• January 23, 2015

    When children are murdered, let us call each child by name and name what has been done to her in the name of some cause she will never know or understand. To call a murdered child a suicide bomber is to violate her all over again, says Professor Tina Beattie, in the wake of Boko Haram's deadliest yet attacks in northern Nigeria.

  • January 23, 2015

    Religious fidelity and free speech can learn the art of coexistence despite the acerbic challenges that have flowed from the terrible Paris shootings and the arguments about Charlie Hebdo magazine, says Ekklesia associate and Middle East analyst Dr Harry Hagopian. The much harder – and harsher – question is whether we as followers of a religion or as advocates of free speech can coexist too?

  • January 17, 2015

    As the World Council of Churches (WCC) promotes the vision of a “pilgrimage of justice and peace”, four students from the Ecumenical Institute in Bossey, Switzerland, share their understanding of justice and peace and how they embarked on a pilgrimage of their own. Writer and photographer Sandra Cox talks to them.

  • January 8, 2015

    On the centenary of the beginning of the terrible Armenian genocide in 1915, can Turkey show the good will and good faith needed to repair and repopulate the destroyed Armenian nest, asks Ekklesia associate and regional expert Dr Harry Hagopian. Can it act so that its hitherto legal denial of a human truth does not breed further oppression, but challenges it instead?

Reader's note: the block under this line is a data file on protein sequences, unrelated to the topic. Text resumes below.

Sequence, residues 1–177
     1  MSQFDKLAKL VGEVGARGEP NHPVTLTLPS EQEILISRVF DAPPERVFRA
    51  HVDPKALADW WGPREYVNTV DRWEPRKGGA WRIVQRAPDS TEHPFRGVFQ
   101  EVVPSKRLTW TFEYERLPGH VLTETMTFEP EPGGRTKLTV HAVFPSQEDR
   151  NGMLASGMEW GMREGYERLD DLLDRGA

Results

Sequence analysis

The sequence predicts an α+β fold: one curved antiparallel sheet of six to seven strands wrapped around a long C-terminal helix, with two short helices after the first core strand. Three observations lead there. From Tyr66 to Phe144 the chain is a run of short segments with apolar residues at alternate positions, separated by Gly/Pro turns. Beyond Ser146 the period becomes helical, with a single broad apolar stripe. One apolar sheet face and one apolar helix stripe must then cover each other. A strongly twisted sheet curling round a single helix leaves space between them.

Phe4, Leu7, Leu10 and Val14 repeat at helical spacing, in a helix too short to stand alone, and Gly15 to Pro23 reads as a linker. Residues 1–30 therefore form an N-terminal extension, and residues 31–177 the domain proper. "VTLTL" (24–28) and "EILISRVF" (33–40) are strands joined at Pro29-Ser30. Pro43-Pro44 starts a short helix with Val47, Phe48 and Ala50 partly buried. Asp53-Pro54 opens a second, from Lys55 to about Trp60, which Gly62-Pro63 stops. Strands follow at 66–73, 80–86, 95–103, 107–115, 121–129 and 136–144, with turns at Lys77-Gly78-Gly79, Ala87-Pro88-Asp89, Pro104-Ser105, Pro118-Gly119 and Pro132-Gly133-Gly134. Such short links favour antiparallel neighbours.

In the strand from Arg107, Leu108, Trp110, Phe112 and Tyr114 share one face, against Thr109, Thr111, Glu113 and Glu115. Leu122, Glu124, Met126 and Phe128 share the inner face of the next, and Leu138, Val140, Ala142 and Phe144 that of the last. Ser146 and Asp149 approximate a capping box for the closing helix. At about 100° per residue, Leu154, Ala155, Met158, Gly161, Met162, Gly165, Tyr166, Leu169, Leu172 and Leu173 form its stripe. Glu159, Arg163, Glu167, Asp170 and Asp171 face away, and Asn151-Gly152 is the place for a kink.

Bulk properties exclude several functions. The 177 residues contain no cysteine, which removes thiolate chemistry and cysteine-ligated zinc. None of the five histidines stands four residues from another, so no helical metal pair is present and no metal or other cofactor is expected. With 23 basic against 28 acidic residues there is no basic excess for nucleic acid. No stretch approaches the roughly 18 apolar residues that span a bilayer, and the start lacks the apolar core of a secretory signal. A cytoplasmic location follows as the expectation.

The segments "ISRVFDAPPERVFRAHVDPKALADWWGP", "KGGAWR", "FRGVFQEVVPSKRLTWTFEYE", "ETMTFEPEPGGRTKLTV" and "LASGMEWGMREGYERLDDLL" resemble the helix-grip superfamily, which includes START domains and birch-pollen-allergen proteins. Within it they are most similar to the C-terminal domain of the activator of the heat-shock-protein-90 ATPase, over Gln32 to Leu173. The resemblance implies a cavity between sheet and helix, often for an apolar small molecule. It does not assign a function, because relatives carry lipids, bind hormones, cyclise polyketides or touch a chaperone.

• December 27, 2014

    This year Prince Charles visited the Armenian Orthodox, Chaldean Catholic, Coptic Orthodox and Syrian Orthodox Churches during the course of 2014. In the case of the Syriac Church, he visited them twice in one short year. Ekklesia associate and Middle East analyst Dr Harry Hagopian assesses the significance of these acts of concern and solidarity.

  • December 23, 2014

    Ferguson is in turmoil. So is New York. And so is Union Theological Seminary in the city of New York, a long-standing institution of theological education located on the upper west side of Manhattan – or in West Harlem – since 1836. Annegreth Schilling, a German theologian currently at Union, looks at the social and political location and witness of theology in a troubled and unjust world.

  • December 19, 2014

    The ‘power’ of Christmas – as symbol, story, narrative, myth – lies in its reminder of God’s disinterest in glamour, cool and position. It reminds us that God, as ultimate Other, does not need all the things many of us think are fundamental, but are actually props for our vanity, our position, and even our desire to serve the institution, says the Rev Rachel Mann in an intensely personal reflection on the meaning of the season.

  • December 2, 2014

    In Africa, where up to 40 per cent of the health care facilities are provided by faith related organisations, Dr Mirfin Mpundu, executive director of the Ecumenical Pharmaceutical Network (EPN), says that due to their unique position, churches can play a special role in eliminating HIV and AIDS and bringing improvements in the lives of people living with the virus.

  • November 29, 2014

    Pope Francis has undertaken a fourth papal visit to Turkey amid much ignorance and misunderstanding. Ekklesia associate and regional expert Dr Harry Hagopian says that the present leader of the worldwide Catholic Church came to Ankara and Istanbul with three overarching objectives. He looks at what those are and why they are important politically and religiously.

  • November 24, 2014

    [Picking up on the debate at Stirling University on 23.10.14, the introductory blog to this topic by Alison Jasper and John I’Anson, the contribution by Sarah Clark, and the first comment piece